Officially, it’s the start of Autumn, but Summer is not quite ready to give up her reign, with a run of temperatures in the early to mid-thirties and quite high humidity over the past few weeks, though it has cooled off the last two days! It’s been wonderful for beach visits and sunbaking pumpkins! We have discovered a beautiful cooling swimming hole in the bend of the Bega River as it enters the sea!We have finally harvested the Jap pumpkins! Here they are soaking up the last of the Summer sun before joining their cousins in the shed. The late warmth is also great for extending the growing season of our plants – I may yet get to view some of the new Dahlia flowers. The first flowerbuds are already forming!The Autumn raspberry crop is in full production- we have actually been able to feast on THREE raspberry fruits each at the one picking on one occasion! Luxury!!! The tomatoes and capsicums are still very productive.The northern vegie bed has been planted up with its last vegetables for the season before the Winter shade : new carrots, lettuce and spinach with potatoes on the left and raspberries on the trellis at the back.We may yet get our 2nd potato crop of Dutch Creams, so long as the 28-spotted lady beetle doesn’t decimate the foliage first! All the organic gurus advise that the best way to control them is to handpick off the ladybirds and their eggs and larvae, then squash them or drown them in a small amount of methylated spirits. Quite a task, but necessary, as we don’t want to kill all the ‘good’ ladybirds and other beneficial insects! There is such an amazing diversity of wondrous insects in our garden. Whenever we venture down into the garden, we are assaulted by masses of butterflies from white Cabbage Moths flitting madly from plant to plant; The more humble browns sitting quietly on foliage; And majestic courting Orchard Butterflies chasing each other around the garden. We also discovered this precious little spotted moth and a stunning striped metallic green fly! The colourful zinnias host some equally stunning red and black beetles; While the roses are home to grasshoppers and tiny spiders:Here is our old friend, The Blue-banded Bee, pollinating the Gaura in the Soho Bed. I can’t wait to discover the creators of these leaf cocoons high up in the Kurrajong tree.The abundance of insect life provides food for those higher up the food chain. This little brown frog hunts at night-time, while a variety of birds enchant us during the day. Now that the big boys of the Cockatoo family have finished their fruit-picking season, the smaller birds have reappeared. They especially love the birdbath on these hot days and often a number of different species will be taking the waters together!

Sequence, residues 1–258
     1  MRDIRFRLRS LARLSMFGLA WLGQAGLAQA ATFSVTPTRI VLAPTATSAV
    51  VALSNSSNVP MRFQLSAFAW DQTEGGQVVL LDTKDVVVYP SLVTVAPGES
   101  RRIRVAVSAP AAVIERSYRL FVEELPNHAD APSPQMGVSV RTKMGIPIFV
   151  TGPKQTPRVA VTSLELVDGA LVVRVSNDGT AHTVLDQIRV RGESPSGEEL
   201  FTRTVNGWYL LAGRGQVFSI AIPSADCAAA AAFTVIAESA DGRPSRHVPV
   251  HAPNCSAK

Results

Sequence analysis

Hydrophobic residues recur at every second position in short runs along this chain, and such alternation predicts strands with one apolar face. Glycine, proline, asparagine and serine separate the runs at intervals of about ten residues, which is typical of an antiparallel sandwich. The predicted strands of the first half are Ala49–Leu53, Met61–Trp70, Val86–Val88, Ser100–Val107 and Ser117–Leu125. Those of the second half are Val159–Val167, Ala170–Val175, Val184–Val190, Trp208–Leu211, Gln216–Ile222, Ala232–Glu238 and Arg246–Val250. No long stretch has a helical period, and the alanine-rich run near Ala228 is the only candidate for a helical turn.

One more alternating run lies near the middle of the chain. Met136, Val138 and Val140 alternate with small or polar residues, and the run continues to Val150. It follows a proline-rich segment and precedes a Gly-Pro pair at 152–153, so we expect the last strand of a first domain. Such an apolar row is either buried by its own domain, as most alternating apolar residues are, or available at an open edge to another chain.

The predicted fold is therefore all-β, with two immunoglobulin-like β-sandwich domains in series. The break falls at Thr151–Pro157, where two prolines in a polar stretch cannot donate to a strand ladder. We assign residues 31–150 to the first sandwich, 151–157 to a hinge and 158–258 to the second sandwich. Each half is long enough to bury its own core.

We often see a pair of resident Eastern Spinebills (first 3 photos) and a lone Yellow-faced Honeyeater bathing or foraging for food together. The last 3 photos are of Yellow-faced Honeyeaters (2 photos of an immature bird and the last an adult Honeyeater)